306 THE MONTESSORI METHOD
panions to leave their chairs, and to form in double file in the centre of the room, then have them march forward and back on tiptoe, making no noise." "Ask three of your oldest companions who sing nicely, if they will please come into the centre of the room. Arrange them in a nice row, and sing with them a song that you have selected," etc., etc. As soon as I finished writing, the children seized the cards, and taking them to their seats read them spontaneously with great intensity of attention, and all amid the most complete silence.
I asked then, " Do you understand ? " " Yes! Yes! " " Then do what the card tells you," said I, and was delighted to see the children rapidly and accurately follow the chosen action. A great activity, a movement of a new sort, was born in the room. There were those who closed the blinds, and then reopened them; others who made their companions run on tiptoe, or sing; others wrote upon the blackboard, or took certain objects from the cupboards. Surprise and curiosity produced a general silence, and the lesson developed amid the most intense interest. It seemed as if some magic force had gone forth from me stimulating an activity hitherto unknown. This magic was graphic language, the greatest conquest of civilisation.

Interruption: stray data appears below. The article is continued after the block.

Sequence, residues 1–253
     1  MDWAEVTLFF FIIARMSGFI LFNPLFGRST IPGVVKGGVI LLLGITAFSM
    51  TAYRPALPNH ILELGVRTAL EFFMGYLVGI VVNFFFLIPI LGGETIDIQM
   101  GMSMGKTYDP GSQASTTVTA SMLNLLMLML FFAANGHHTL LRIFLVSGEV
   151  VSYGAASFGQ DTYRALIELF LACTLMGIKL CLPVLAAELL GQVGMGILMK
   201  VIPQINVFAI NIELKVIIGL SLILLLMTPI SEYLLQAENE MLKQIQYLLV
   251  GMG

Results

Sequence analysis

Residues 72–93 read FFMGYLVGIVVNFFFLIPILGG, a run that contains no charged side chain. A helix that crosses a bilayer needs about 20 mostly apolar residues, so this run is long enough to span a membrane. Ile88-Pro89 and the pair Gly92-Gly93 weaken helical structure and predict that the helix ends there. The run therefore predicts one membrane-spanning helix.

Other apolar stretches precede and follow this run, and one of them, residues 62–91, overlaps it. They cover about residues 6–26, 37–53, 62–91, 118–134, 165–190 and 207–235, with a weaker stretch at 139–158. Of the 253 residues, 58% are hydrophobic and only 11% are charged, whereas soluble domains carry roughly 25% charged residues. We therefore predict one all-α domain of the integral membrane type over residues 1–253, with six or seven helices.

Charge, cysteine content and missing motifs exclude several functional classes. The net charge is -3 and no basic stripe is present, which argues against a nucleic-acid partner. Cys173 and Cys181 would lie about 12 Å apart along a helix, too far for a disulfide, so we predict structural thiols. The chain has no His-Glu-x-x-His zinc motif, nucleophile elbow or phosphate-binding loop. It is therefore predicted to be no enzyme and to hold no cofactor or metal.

And how deeply the children understood the importance of it! When I went out, they gathered about me with expressions of gratitude and affection, saying, " Thank you! Thank you! Thank you for the lesson ! "
This has become one of the favourite games: We first establish profound silence, then present a basket containing folded slips, upon each one of which is written a long phrase describing an action. All those children who know how to read may draw a slip, and read it mentally